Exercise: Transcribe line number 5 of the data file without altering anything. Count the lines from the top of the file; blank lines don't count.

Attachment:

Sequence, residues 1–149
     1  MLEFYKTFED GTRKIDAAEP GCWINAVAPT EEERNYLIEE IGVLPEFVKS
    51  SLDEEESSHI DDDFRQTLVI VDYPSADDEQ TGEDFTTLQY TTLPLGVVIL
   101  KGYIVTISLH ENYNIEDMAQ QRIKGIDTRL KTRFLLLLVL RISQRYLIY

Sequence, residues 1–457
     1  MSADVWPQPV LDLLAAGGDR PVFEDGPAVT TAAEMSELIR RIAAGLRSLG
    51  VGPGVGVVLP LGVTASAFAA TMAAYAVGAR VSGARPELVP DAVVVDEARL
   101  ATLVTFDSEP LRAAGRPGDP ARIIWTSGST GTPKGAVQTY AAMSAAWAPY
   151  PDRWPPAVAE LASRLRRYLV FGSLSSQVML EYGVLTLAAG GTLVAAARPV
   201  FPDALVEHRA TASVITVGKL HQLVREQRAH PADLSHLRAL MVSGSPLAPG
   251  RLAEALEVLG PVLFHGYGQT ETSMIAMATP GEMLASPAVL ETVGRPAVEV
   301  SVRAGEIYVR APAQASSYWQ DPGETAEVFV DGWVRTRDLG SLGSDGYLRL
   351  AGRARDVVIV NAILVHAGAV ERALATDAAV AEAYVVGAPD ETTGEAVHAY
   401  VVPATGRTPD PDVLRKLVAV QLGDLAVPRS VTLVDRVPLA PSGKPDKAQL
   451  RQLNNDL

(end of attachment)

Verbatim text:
Sequence, residues 1–457